For diffusion on the cheap, I recommend baking parchment, not waxed paper: it can usually found in the same aisle at the grocery store, but unlike waxed paper, it won't melt and it's much less likely to catch fire!
Wouldn't plexiglass be too heavy? I'm trying to find a very DIY affordable solution. I made a DIY C-Stand out of PVC a while back... so maybe the frame can be PVC so it can attach onto the stand
2) Check this, maybe a bit later because they're closed for now, but you can check for they're light stands. As i remember, they sells for like less than 50$ shipped. Sure you can do it yourself, but i doubt that a PVC stand will be stronger than a light stand, and for the price...
Re softening the light: covering the box with paper/whatever won't soften the light very much, just drop the intensity.
It's the area that is important; to get softer light, you need a softener larger than the box. A wire frame of some kind, to hold, a suitable distance away, a matte foil/fabric/paper* substantially larger than the box itself will soften best.
* anything white and translucent
"Real" diffusion filters aren't really that expensive either, just a few bucks a pop for 20*24 inch sheets:
These can also be stapled to a simple DIY wooden frame and voilá, you have a diffusor you can use in front of i.e. a work light... or in front of that box.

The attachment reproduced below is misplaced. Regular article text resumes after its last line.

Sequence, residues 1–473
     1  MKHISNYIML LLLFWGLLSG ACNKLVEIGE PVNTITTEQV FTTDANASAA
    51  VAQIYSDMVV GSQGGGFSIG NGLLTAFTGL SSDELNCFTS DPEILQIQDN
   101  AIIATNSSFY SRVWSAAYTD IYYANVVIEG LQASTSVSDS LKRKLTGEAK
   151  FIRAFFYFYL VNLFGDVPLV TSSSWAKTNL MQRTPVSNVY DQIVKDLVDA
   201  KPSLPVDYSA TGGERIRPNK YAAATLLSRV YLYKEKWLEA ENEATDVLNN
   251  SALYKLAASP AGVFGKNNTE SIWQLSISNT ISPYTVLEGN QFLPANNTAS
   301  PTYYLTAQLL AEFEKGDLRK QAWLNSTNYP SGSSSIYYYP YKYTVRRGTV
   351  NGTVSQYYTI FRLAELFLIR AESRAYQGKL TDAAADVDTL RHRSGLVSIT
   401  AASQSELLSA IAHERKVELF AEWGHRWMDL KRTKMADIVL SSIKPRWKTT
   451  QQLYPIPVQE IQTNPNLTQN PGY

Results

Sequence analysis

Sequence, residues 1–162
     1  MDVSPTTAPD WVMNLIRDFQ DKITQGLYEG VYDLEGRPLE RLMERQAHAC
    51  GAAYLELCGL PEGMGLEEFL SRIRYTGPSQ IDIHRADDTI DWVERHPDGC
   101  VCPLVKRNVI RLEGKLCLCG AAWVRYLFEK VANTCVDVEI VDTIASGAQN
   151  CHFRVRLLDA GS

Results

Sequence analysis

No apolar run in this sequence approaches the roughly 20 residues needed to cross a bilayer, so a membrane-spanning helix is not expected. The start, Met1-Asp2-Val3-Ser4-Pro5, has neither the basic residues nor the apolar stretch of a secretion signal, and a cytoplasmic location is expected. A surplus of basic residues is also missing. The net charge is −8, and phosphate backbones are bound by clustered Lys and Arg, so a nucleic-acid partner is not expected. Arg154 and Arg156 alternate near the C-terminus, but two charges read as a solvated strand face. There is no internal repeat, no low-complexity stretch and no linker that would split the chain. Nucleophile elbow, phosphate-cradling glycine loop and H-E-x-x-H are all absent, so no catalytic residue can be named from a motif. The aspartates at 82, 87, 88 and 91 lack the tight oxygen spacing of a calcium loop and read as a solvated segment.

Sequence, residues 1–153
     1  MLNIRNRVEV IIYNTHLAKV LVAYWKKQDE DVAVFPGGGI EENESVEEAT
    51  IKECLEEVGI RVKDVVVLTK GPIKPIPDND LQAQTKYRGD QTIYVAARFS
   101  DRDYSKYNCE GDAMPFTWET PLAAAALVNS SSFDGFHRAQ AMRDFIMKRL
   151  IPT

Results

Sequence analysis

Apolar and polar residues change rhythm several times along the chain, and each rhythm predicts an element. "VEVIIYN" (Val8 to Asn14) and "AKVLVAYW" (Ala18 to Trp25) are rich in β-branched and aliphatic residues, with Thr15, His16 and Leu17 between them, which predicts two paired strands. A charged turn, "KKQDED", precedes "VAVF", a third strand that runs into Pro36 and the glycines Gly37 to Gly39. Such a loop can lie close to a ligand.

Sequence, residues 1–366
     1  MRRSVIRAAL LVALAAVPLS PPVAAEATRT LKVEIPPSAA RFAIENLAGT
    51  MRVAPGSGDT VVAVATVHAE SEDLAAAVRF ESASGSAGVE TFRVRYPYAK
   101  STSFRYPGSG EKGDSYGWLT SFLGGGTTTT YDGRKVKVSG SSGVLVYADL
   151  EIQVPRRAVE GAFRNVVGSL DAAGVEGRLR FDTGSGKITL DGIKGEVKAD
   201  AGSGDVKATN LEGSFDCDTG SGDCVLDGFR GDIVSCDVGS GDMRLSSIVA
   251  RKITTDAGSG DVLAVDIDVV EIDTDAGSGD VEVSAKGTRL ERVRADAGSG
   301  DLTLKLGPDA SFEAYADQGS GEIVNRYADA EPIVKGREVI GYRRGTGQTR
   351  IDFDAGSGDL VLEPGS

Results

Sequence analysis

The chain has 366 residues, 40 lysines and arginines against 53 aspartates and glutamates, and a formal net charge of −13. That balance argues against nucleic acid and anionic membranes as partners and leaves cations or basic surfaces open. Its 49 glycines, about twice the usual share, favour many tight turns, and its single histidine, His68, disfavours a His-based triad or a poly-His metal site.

Also I know the housing isn't metal, but for safety reason you might want to ground the fixture.
2) Yeah, the main reason why i didn't was because everything is made from plastic.
I've looked at that thing many times, but have missed this thread.
Glad I ran into it, I am absolutely building one of these.
I've seen other variations using 9 bulbs as opposed to 6.
any opinions on those? Would you just connect 3 sockets per switch on that, or would that be too much?
My computers experience is good, but my electrical isn't. If I wanted to ground the fixture, how would I do that? Also, what kind of wiring should I use? Specifically, what gage, and whether or not they should be stranded or solid?
Hey guys! Back to the DIY work again!
I'm currently working on another CFL lighting setup, that will be pretty similar to the previous one.
If it works well, I may do one more solid and put some Halogen lamp in it. I'll add a dimmer on it to control the intensity.
So far, here's what it'll look like:
Only problem so far is that the bowl isn't "deep" enough so the bulbs are a bit out of it. I'll try it, but I doubt it will be a big issue.
From the top, it'll looks like that, allowing to remove the cover of the box and I'll add some "U" bracket each side to make it adjustable up&down.